Today I am at the day centre. Now, do you know what that is? Many of you won’t, you will one day if you manage to reach my ripe old age!
The day centre is in simple terms a nursery for the elderly. Luckily for me I have tested out a few in my area and by god, some of these places are a pit of despair. What you’ve seen painted across the media, old people in wheelchairs turned to the wall, dribbling, sitting in their own fluids for endless hours.
But my day centre, my nursery! It is fantastic. We have an absolute ball, by we I mean myself and my also elderly and infirm pals!
George! George! I launch a box of ‘soft play boules’ across the room. Obviously the light weight contents spills everywhere, bounding off the wall landing in Marjorie’s porridge, bouncing off the centre staff’s backs.
Marjorie now splattered with milky thick oats giggles uncontrollably announcing, Sarah love you better get me changed before this sets and while we’re there I better spend a penny! Sarah, a young girl working part-time whilst studying towards a degree, whom is always highly amused by us, the rebellious pensioners.
Life is not over because you are old, life is not over because you have married, you have children, grandchildren, great-grandchildren even! Life is not over when your parents die or your lifelong friends. Death is prominent as you age. You’ve heard the old saying- as you get older you start attending funerals instead of weddings. Don’t get me wrong it is a most difficult task to out live those people you have shared- lived- your life with! Those people you have made your wondrous memories with, those people whom you once described as ‘there’s only three weeks between us’, they have been gone ten years. Now do not misunderstand me, I’m not suicidal, I’m not awaiting death, sat twiddling my thumbs until the dark hooded creature comes for me as well. But you will one day know exactly what I mean.
For me it began when Joan died. Joan is not my wife. Just to clarify. Joan died eight years before my wife. Joan was Peter’s wife. Peter and Joan were, my granddaughter would say, our Thursday friends! They were obviously far more than this, they had become our Thursday friends. We would meet for early lunch in town and would then amble around some activity for the day and then each week we would take turns in hosting an evening meal. My Granddaughter Holly, our first, thought Peter was a funny old man and Joan was a scary witch lady! It is like I have said once before, I think, I might have… Anyway it interests me a great deal that as an elderly person you lose your identity, you are suddenly just an old person!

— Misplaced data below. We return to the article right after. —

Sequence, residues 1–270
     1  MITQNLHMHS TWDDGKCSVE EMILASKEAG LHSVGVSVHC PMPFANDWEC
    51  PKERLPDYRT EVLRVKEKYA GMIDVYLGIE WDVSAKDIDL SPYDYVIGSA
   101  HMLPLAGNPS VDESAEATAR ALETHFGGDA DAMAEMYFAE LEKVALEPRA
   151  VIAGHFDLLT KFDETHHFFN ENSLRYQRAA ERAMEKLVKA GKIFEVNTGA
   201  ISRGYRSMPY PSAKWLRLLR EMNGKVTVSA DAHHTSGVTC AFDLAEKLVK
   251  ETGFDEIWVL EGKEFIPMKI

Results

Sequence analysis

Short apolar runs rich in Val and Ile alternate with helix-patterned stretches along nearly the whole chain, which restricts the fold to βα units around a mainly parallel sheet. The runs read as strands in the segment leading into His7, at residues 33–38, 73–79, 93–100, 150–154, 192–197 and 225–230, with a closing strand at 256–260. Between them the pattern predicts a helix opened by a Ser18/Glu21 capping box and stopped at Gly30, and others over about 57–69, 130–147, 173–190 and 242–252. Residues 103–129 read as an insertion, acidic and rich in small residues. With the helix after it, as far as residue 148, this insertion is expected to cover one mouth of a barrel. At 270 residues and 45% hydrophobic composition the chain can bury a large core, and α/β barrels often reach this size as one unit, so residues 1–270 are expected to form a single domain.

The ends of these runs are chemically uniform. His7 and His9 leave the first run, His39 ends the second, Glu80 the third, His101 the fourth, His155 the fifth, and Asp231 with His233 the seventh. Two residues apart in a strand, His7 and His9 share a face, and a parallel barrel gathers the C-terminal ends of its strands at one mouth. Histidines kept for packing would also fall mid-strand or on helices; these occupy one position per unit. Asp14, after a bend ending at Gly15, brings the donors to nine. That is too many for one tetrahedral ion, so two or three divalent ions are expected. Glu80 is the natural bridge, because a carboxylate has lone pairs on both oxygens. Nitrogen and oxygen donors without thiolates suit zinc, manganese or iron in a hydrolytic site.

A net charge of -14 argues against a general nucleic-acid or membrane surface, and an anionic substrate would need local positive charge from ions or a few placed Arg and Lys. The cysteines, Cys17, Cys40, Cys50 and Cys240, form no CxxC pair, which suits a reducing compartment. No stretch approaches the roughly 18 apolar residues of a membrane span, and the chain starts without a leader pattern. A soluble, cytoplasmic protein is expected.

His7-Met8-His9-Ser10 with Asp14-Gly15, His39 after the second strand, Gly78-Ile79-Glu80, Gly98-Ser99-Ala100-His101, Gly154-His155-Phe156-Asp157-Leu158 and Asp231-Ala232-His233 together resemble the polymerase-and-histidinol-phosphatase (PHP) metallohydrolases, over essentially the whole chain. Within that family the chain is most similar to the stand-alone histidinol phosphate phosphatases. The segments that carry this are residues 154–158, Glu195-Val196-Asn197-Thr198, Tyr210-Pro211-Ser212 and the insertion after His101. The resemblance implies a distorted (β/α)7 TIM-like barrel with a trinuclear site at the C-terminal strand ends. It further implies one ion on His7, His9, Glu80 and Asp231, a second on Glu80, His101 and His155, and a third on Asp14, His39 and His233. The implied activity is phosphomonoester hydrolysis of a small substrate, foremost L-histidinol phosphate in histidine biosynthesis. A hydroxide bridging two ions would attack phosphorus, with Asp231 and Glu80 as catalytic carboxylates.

Peter was older than the rest of us, he managed to secure Joan at a blooming young nineteen when he was an old man at almost thirty. He often quoted in a high gruff, a young Joan ‘Ohh I don’t believe it you’re having me on, you can’t be that old!’ Oh the irony! We would chuckle. Joan and my wife had known each other their entire lives and we all played an important role in each others wedding days. We had often traveled to Canada to see them while Peter spent twelve years lecturing and researching chemistry and then spent five more years volunteering across Africa teaching and helping children in poverty to get sponsorship through education. What a wonderful couple! But you see Peter was but a funny old man and Joan a scary witch lady!
When Joan died, a huge blow to all of our worlds. Obviously Peter’s world was obliterated. But she was the first you see, the first of those people to go who I had lived my life with. The first of those people who I had shared milestones with, I remember her face before it was splintered with life. You see when this process starts there’s no stopping it. The decade that Joan began was one full of dark suits, flowers, cold buffets and memories spoken out loud as though we knew that these were it, the final page, the last curtain.
So what I mean for you to understand, one day, is that when everyone starts to die- you know that it’ll be your turn sooner rather than later. And when like me you’ve been to everyone else’s funerals, you ready to die when it comes. Don’t misunderstand me, I don’t want to die, I haven’t finished living, my life is not over, but it will be-sooner rather than later.
When it happens, I’m happy to go, I’ve no unfinished business.
Except perhaps, more than likely, I shall have to go to the loo! Speaking of which… Sarah is Marjorie off her throne yet?